County council members on Tuesday punted on a request from Denise Swink, director of the Knox County Court-Appointed Special Advocates program, to expand her staff.
Swink, who took on the post a year ago, told the council she wants to bring more stability to her office by moving away from having so many part-time positions; the turnover in recent weeks, she told the council, has been almost too much to bear.
And she has open part-time positions yet to fill.
Currently, CASA's annual budget allows her to have three part-time positions and three full-time positions, but she's willing to give up some of that part-time help, she said, for the reliability of an additional full-time case worker.
Right now, she said, one full-time case worker is handling the logistics for more than 60 volunteers.
To make matters worse, she lost two long-time staff members in recent weeks to more lucrative offers elsewhere.
Council members, however, said it would be out-of-sequence to consider the addition of a full-time person to any county department in the middle of the year.
Typically, as councilman Tim Crowley pointed out, those requests come in the fall, when the council begins holding budget hearings and drafting its spending plan for the following year.
But the need, Swink said, is now.
“I wouldn't have come to you had I not lost (vital staff members) at this time of year,” she said, adding that she would even be willing to lower the proposed pay for the additional full-time staff member by $2,000, from $34,000 down to $32,000 per year, if it made a difference.
“That's how badly I need to have (another) full-time staff member in my office,” she said.
Swink also told the council that some people have expressed interest in coming to work for CASA, but only if it's a full-time position.
To get around the timing issue, councilman David Culp suggested finding the money somewhere in CASA's budget; a transfer could be approved by the council with less fanfare.
Swink only needs $10,000 to add the position, she said, and she could draw from private donations made to CASA.
But as the council discussed it, the addition of a full-time staff member would require more careful consideration, especially since benefits would have to be extended.
“I don't want to offer a false impression to the person you're hiring,” Culp said. “They wouldn't be guaranteed a 2020 position.”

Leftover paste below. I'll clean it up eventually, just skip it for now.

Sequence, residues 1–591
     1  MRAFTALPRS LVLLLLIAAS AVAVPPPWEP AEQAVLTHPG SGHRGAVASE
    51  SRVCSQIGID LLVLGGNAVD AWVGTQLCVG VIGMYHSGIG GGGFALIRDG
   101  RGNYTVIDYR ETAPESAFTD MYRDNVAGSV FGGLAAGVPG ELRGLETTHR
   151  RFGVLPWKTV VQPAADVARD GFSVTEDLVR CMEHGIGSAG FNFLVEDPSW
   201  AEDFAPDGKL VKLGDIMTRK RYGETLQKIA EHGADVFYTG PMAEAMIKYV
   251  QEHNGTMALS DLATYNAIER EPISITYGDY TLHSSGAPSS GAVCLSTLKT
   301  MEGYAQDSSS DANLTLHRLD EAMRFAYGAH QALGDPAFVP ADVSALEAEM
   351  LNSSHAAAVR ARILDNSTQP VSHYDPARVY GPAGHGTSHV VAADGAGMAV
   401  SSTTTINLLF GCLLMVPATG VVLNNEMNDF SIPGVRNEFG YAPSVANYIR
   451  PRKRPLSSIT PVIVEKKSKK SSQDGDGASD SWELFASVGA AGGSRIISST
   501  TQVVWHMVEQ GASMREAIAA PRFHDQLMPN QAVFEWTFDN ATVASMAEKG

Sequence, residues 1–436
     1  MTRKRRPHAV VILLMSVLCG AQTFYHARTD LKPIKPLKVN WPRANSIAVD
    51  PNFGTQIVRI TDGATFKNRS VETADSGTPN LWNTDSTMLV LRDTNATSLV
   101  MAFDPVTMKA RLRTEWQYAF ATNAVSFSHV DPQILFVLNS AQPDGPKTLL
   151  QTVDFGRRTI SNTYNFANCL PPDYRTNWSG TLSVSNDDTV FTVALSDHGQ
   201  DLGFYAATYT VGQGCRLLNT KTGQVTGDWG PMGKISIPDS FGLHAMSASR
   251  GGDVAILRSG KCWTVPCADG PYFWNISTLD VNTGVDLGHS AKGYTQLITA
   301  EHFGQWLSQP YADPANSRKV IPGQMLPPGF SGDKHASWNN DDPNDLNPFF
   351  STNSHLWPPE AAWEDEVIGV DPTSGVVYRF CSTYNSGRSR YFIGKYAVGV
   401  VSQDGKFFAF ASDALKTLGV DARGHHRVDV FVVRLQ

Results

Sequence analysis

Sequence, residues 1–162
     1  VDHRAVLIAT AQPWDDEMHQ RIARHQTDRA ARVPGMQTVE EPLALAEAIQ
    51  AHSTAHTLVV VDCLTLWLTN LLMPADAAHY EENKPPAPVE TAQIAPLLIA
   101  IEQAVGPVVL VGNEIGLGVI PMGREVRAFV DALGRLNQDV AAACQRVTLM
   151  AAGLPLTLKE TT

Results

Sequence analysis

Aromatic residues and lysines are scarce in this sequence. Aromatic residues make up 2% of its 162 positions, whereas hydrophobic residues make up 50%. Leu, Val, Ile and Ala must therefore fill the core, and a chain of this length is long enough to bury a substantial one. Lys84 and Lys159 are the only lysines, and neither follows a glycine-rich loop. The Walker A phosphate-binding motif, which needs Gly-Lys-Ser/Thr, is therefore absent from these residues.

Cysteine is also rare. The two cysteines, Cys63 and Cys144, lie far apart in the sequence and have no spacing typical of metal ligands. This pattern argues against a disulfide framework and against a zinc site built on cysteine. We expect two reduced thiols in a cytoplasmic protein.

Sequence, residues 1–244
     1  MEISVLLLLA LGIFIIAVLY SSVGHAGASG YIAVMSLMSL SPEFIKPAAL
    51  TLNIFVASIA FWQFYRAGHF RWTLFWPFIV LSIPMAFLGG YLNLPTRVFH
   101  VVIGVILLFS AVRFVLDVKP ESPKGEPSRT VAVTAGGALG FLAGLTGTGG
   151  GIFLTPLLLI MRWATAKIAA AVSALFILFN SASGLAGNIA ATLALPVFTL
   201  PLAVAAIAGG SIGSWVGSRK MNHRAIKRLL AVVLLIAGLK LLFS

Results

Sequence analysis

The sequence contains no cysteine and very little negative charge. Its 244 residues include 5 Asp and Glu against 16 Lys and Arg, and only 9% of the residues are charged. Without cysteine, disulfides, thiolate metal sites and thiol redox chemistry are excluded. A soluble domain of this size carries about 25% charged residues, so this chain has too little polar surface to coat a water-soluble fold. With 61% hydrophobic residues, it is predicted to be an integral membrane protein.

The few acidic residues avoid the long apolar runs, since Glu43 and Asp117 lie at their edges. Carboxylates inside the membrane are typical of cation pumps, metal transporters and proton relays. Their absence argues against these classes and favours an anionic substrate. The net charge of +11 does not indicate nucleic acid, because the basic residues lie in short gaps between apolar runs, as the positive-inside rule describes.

Council president Bob Lechner, too, said with a mind on fiscal responsibility, the council wants to be consulted before any full-time position is filled by a department head in case there's an opportunity for more efficiency.
Overall, he said, they've “discouraged” those requests, especially outside of budget-drafting season.
“My preference would be to wait until budget time,” Lechner said, “and review not only this request but also how CASA is doing nine months into this new set up.
“It's a brand new department,” he said.
Last fall, the CASA program moved under the management of Knox County Superior Court I and Judge Gara Lee.
It had operated under the umbrella of Child and Family Services for more than 20 years.
The move was inspired by tightened restrictions on CFS programs, potentially affecting state funding. So CASA employees were moved into John Gregg's former law office at 112 N. Seventh St. alongside the Veterans Affairs program.
In the end, Crowley encouraged Swink to give the makeup of her staff some more consideration in coming weeks and come back in September to present a plan during budget hearings.
“Make your office look like how you want it to look in the future,” Crowley said, gesturing wide with his arms. “Then we'll get down to the nitty gritty and see how it all works out.
“In the meantime, if you need help,” he told her, “fill those part-time positions.”
CASA volunteers serve more than 150 local youngsters in the county's court system; many of them have either been removed from their homes or are at risk of being removed by local officials. The CASA volunteers, who undergo extensive training, serve only to protect the child's interest during court proceedings.
Early this year, they had a wait list of nearly 50 kids.